A further problem for a floating AIS AtoN is the power consumed by its AIS receiver. It may be necessary for a floating AIS AtoN to also have an AIS receiver in continual operation. The transmission of AIS signals is done by coordination of all AIS transponders in range of each other. For the AIS AtoN to know when it should transmit, it would have to listen for AIS traffic in its local area, and then coordinate its transmission.
An alternative method is for a floating AIS AtoN to be designed to work in tandem with a base station. The base station will transmit an AIS signal that includes data informing other AIS transponders to reserve a time slot in their time-shared network for the AIS AtoN. The AIS AtoN can then always transmit in the reserved time slot. It would not have to continually listen for local AIS traffic and fit itself into the slot pattern. This approach can conserve power drain by reducing the receiver operating time.
Also, the AIS AtoN must operate a GPS receiver so that it can know the actual position to send in its AIS broadcasts.
posted 03-15-2014 02:17 PM ET (US)
However, the AIS AtoN doens't need that 2W 7/24. It only
needs the 2W in its time slot. The duty cycle is pretty low.
posted 03-15-2014 02:38 PM ET (US)
A recreational boat grade Class-B transponder says its average power consumption is 170mA at 12-VDC, or about 2.1-Watts.
Compare at: http://www.digitalyacht.co.uk/files/AIT2000%20User%20Manual%20V1_01_Eng. pdf Page 29
posted 03-16-2014 09:44 AM ET (US)
The power consumption of an AIS AtoN will be related to
--the need to have a receiver listening for traffic on the AIS channels all the time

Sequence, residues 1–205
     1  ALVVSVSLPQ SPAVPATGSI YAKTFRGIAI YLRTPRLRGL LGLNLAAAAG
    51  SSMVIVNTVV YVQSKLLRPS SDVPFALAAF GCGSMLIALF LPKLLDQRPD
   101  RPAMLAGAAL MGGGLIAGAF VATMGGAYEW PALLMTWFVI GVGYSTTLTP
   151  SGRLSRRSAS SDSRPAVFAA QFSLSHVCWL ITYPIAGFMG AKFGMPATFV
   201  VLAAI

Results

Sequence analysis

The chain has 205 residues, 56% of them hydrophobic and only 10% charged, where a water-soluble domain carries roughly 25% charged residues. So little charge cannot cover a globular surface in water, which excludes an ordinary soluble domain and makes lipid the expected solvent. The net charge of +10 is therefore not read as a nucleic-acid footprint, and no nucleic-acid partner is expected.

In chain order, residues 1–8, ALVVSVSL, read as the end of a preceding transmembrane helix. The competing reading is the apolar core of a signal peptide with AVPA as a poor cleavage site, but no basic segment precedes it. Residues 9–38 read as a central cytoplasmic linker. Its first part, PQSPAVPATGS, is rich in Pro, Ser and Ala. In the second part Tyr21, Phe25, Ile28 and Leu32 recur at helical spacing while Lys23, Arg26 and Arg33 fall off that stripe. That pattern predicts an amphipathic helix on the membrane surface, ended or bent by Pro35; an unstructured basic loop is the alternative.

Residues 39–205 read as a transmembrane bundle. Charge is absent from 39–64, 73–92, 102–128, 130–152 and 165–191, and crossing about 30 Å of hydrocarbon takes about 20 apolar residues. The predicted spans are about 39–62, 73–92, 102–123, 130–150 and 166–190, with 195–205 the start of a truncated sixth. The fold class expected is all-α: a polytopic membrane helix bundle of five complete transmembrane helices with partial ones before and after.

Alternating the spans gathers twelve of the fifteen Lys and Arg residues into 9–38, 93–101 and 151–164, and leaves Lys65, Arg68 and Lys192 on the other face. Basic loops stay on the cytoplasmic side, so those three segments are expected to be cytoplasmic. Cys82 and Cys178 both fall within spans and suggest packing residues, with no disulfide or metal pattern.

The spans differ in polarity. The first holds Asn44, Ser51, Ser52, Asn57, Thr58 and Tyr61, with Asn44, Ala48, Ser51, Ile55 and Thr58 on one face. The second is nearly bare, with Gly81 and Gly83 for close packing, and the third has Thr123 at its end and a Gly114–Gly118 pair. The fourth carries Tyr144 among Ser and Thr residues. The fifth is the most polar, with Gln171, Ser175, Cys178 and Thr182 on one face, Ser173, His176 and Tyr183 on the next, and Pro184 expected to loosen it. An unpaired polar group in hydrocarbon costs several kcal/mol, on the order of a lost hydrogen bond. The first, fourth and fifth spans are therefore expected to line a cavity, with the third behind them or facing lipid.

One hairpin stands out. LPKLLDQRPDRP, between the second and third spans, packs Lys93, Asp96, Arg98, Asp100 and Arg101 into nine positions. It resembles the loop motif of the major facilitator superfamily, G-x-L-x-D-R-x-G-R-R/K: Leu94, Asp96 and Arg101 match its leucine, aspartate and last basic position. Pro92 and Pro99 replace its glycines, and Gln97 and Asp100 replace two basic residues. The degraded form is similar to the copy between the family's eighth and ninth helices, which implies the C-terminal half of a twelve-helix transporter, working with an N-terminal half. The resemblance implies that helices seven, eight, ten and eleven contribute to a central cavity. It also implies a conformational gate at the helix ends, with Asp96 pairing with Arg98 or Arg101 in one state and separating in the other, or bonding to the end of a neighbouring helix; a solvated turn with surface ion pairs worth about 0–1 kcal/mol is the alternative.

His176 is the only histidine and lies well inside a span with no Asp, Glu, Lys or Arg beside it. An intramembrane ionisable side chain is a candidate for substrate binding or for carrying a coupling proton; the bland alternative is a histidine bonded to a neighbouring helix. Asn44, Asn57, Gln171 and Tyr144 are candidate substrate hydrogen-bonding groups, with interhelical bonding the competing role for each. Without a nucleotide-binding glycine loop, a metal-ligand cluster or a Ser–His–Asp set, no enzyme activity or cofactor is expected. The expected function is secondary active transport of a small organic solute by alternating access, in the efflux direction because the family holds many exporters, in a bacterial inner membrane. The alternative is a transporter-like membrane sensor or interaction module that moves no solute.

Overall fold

--the frequency at which its transmitter is actually operating
The least power consumption will be for an AIS AtoN that is working in tandem with a base station that is reserving the transmit time slots, and thus does not have an AIS receiver running, and the AIS AtoN only transmits its position in those reserved time slots once every three minutes. (In AIS, the frequency at which an AIS transponder sends its position is a function of how fast it is moving. Rapidly moving vessels transmit their position more often than slow moving vessels. Apparently AIS AtoN, which are not moving at all, only transmit every three minutes.)
The SRT company has such a device, their CARBON model for AIS AtoN applications, and they rate the power consumption as less than 0.1-Ampere-hour per day in certain modes.
A very good overview of AIS Aid to Navigation can be found at
The above publications sets out the three general types of AIS AtoN:
For the real category, it sets out three types:
--Type 1: transmit only station
--Type 2: similar to Type 1 but with a receiver for remote configuration
--Type 3: full transmit and receive station
All three types of real AIS AtoN are able to "switch off and sleep" between transmission to conserve power.
In addition to just sending their identification and position, a real AIS AtoN can also send sensor data. The sensor can provide data on weather, tides, and sea state.
A significant benefit of a real floating AIS AtoN is the confirmation of the position of the aid. For example, a floating buoy with an AIS AtoN can confirm its position as being on station.
posted 03-16-2014 09:54 AM ET (US)
Re the three-minute transmit interval: I have not found that mentioned in any official specifications, but it is mentioned in some literature about the SRT Carbon Type-1 AIS AtoN device at
under the "Specification" tab:
'Power consumption: from 0.1Ah/day (Type 1 AtoN with 3 minute position reporting rate)"